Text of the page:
In my own observation, Transmit 5’s transfer speeds are fast, with no lag. The developer’s claim impressive transfer speed results, thanks to a complete reworking of Transmit’s engine. I haven’t tested with gigabyte-sized files, but it tends to fly when transferring several hundred megabytes at a time. Of course, transfer speeds are largely dependent on the machine you are transferring files to, and the speed of your network.
Transmit is customizable; you can set it as your default FTP program, and specify other parameters such as immediately opening a specific server upon launching the program.
File permissions are something that one occasionally has to deal with when transferring files to a server, and Transmit makes this process really clear and easy. Read, Write, and Execute privileges appear as color coded radio buttons in Transmit’s Inspector panel, when a file or folder is selected.
Transmit also supports file synchronization. Let’s say you’re working locally on some HTML code and you want to publish your changes to the server. Open the “Synchronize” window and hit the “sync” button and Transmit will move the files up to the specified folder on your server, while optionally removing files that you no longer have locally.
Transmit will not auto sync between two locations out of the box, but you can add an Automator script to perform scheduled syncs on a daily, weekly, or monthly basis. I’ve tested this with mixed results. I’m hoping that the fine folks at Transmit will include a specific Shortcut to make this process smoother.
If you are using Transmit with multiple Macs, you can synchronize your server settings so that each Mac running Transmit automatically has the same server information. This feature is possible thanks to Panic Sync (different from Transmit’s File Synchronization).
I use Transmit on two Macs at home, and I find this feature very useful. Regardless of which Mac I’m sitting in front of, both Macs have the same server information at the ready for me to login to.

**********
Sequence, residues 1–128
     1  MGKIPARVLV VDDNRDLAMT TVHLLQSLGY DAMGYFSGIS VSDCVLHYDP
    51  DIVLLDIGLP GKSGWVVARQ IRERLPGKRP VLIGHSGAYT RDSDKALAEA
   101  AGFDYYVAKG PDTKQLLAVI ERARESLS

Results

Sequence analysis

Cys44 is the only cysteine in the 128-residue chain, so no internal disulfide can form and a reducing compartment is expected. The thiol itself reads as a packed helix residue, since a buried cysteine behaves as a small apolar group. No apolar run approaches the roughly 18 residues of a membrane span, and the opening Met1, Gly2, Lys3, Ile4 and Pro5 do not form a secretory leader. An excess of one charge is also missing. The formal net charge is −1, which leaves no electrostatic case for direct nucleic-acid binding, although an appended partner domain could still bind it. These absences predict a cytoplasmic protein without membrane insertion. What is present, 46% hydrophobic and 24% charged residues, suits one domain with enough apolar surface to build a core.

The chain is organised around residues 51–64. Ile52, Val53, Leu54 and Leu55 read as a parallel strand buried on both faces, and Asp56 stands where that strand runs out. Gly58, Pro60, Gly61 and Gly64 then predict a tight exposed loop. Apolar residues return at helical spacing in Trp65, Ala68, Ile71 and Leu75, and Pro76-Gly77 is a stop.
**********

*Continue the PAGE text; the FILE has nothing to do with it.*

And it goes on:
For developers, Transmit will also let you open and edit files on the server. The editor is bare-bones, but it does include line numbers for convenience. Editing on the server come in really handy when you have to make a quick hot-fix to your code.
Rules for specific files can also be set within Transmit. So, if you want every SVG file to have a specific file permission when you transfer it, you can easily set that up.
For commonly accessed servers, Transmit will let you create a “Droplet”. Drag a file to the Droplet, and Transmit will upload it right away, without having to open up Transmit. I tested this feature out between my Mac mini and MacBook Pro and it works really well, especially if both your Mac’s SMB file-sharing services aren’t working. (Thanks, macOS Ventura.)
Transmit costs $45 US, which is not exactly cheap, especially when compared to other FTP options for the Mac, like CyberDuck or Fetch. As with all of Panic’s offerings, you can try before you buy, to see if the program is right for you.
Transmit can be purchased through the developer’s website or via the Mac App Store. Is it worth it? For me, it absolutely is. I do a moderate amount of work slinging files and folders across various servers, and I find Transmit to be beautifully designed, and fast and nimble. Just don’t bring it up as a conversation starter at your next dinner party.